A photo of Rafael Radi in a lab.

By Jenny Wells-Hosley

Next week, the University of Kentucky College of Medicine and the Department of Chemistry in the UK College of Arts and Sciences will host renowned biochemist Rafael Radi for two special events on campus.

Radi will serve as the College of Medicine's Dean's Distinguished Lecturer at noon Monday, March 2, in Room HG611, the Chandler Hospital auditorium in Pavilion H. The following day, he will present a seminar for the chemistry department at 9:30 a.m. Tuesday, March 3, in the William T. Young Library's UK Athletics Auditorium. The events will highlight both clinical and basic science aspects of his research on nitric oxide and its beneficial and harmful effects.

1/29/2020

It was 1949, World War II had ended and twice as many students were enrolled in universities across the country compared to pre-war enrollment, many were on the GI Bill. I was one of those June 1949 GI Bill seniors, graduating from UK with a BS degree in physical chemistry. My name is Alan Veith.

My days at Kastle Hall, the chemistry building at that time, were coming to an end.  I was a lucky senior ; the only BS graduate in chemistry, not planning on postgraduate work, that had an industry job offer at the time of graduation. After a campus interview BF Goodrich (BFG)  had offered me employment in Akron OH.  A 3.44 grade average probably helped.

I had two careers in my professional life - one in industrial research with BF Goodrich and one in industrial standardization development, with the American Society for Testing and Materials (ASTM) and also with the

1/13/2020
A photo of chemistry professor Mark Lovell in a lab coat in his lab.

By Madison Dyment

In higher education, the value of following your passion, meeting challenges head-on and working toward something bigger than yourself are all promoted to students by their professors. Sometimes, students are lucky enough to have a teacher who not only encourages this, but lives it too. Mark Lovell, Jack and Linda Gill Professor of Chemistry in the University of Kentucky College of Arts and Sciences, is one of those teachers.

Growing up in Mount Vernon, Kentucky, Lovell stayed close to home and attended Berea College for his undergraduate degree. Post-graduation, Lovell tried his hand at medical school, but found himself ultimately drawn to graduate school at UK. He received his doctorate here in 1992, working with William Ehmann, a radiochemistry professor at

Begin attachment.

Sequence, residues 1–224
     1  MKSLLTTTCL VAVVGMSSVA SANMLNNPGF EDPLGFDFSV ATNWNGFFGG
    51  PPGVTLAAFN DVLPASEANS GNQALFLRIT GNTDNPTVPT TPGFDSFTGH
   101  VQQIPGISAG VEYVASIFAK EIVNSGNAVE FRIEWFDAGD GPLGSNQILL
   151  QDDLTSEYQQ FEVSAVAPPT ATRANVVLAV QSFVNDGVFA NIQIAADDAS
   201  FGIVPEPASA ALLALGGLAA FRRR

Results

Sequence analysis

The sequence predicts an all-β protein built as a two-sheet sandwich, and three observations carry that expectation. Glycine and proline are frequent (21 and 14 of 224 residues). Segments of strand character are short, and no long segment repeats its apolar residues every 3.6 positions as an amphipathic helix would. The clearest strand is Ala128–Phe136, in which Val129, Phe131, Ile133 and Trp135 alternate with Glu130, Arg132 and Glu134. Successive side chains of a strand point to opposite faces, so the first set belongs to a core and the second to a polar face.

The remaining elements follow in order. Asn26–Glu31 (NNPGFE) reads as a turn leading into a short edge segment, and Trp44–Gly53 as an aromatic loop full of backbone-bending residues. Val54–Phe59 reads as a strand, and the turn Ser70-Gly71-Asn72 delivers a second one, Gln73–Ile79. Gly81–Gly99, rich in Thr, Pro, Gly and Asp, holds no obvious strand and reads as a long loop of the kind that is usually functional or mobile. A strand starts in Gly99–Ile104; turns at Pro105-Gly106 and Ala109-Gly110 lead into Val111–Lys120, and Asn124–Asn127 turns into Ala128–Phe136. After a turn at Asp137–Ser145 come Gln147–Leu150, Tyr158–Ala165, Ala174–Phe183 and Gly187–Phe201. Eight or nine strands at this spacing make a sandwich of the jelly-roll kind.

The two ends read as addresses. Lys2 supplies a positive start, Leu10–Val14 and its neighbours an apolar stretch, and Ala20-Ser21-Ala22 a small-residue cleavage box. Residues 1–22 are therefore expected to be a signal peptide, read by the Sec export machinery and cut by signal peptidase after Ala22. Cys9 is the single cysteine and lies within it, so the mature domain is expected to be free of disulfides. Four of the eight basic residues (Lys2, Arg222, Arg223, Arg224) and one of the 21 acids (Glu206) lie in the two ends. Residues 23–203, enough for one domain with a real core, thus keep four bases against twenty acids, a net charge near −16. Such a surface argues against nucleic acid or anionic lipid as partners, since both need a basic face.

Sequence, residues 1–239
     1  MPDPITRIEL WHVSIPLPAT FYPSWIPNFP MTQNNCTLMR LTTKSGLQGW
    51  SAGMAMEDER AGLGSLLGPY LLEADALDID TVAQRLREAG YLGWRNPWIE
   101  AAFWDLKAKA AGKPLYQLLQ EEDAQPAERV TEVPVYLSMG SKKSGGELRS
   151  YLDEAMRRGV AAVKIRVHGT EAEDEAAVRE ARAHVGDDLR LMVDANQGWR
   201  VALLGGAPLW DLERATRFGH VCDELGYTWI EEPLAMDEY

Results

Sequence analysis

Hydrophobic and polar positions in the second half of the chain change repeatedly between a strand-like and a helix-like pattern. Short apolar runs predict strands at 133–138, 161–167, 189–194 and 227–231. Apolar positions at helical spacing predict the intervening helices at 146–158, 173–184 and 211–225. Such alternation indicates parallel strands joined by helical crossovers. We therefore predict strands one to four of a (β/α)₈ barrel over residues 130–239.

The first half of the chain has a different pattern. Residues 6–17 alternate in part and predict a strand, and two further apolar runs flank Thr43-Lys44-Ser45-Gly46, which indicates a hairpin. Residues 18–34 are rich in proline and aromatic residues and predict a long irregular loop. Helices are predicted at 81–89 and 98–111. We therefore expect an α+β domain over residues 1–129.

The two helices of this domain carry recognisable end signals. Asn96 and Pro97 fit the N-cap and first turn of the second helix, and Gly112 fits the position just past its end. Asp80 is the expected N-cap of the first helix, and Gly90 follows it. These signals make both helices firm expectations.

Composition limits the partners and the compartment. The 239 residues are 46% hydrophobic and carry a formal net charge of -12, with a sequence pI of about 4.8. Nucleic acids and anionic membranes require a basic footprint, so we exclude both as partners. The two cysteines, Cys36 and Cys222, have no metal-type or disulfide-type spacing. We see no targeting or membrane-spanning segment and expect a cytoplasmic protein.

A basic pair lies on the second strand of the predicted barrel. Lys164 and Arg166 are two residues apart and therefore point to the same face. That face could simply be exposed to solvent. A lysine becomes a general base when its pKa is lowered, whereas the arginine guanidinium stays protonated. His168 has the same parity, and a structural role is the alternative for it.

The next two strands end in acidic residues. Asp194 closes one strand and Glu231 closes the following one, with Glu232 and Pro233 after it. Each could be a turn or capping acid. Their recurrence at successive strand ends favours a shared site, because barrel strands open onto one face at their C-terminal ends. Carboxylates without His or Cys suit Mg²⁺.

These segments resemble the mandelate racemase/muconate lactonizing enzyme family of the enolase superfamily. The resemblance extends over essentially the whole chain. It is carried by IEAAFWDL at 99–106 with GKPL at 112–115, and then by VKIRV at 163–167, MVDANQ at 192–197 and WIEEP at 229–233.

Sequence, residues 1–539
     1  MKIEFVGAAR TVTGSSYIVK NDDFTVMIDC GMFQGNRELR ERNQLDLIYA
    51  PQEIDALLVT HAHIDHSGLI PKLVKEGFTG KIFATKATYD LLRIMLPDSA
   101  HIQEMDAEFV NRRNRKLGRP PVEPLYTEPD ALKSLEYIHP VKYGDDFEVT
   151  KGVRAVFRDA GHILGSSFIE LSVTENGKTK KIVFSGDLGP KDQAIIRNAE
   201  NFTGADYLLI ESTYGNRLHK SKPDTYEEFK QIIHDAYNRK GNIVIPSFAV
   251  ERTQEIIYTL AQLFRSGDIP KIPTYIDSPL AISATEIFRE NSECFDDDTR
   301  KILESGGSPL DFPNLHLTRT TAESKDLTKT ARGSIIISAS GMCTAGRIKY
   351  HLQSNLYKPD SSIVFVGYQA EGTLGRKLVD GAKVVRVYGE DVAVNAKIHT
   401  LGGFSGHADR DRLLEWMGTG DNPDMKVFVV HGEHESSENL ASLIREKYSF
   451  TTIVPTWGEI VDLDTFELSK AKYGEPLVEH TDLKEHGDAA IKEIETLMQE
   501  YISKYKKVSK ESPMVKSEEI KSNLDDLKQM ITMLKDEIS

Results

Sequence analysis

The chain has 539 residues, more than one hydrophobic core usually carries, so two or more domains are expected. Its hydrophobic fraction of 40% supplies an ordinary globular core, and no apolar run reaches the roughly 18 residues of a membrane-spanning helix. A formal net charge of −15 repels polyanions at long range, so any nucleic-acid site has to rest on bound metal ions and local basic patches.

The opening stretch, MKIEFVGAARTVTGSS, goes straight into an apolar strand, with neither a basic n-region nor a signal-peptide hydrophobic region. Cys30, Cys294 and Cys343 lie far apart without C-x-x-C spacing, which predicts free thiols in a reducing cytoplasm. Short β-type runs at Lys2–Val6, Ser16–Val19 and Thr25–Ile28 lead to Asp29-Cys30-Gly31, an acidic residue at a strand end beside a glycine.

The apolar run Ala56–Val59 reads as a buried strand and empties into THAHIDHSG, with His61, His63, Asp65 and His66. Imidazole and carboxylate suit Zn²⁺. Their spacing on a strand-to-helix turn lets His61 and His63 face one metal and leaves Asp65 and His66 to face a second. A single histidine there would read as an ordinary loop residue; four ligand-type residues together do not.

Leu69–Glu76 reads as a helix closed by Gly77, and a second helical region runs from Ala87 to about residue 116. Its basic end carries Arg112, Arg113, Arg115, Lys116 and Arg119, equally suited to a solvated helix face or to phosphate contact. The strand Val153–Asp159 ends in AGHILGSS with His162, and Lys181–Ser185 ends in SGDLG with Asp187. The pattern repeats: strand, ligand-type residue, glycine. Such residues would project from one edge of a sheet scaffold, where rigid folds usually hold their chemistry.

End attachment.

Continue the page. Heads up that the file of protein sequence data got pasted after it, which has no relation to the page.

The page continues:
12/17/2019

By Jenny Wells-Hosley

 

Manufacturing has fueled the economic success of Kentucky for over two centuries, and a new collaborative partnership will help position the Commonwealth for even more success in the years to come.

The Kentucky National Science Foundation's (NSF) EPSCoR, or Established Program to Stimulate Competitive Research, has awarded the University of Kentucky, the University of Louisville and six other institutions across the state a five-year, $24 million grant to support the fundamental science needed to advance next generation manufacturing technologies, flexible electronics and robotics. The grant will also support the development of a greater STEM-literate workforce.

"This cooperative project will help bolster Kentucky's economy, create jobs and put the Commonwealth at the forefront of automation and

12/3/2019

By Madison Brown and Jenny Wells-Hosley

Susan Odom, an associate professor of chemistry in the University of Kentucky College of Arts and Sciences, is the recipient of the Women Chemists Committee's (WCC) "Rising Star" award. Odom is one of only 10 scientists to receive this honor.

Rising Star awards are given to women scientists approaching mid-level careers across all areas, including academic, industrial, government and nonprofit, who demonstrate dedication and promise in their prospective fields.

"I am proud to be a part of a lineage of amazing chemists who I admire, including the chemists who nominated me for this award: Jodie Lutkenhaus at Texas A&M University and Jeffrey Moore at the University of Illinois," Odom said. "Both have served as mentors and provided inspiration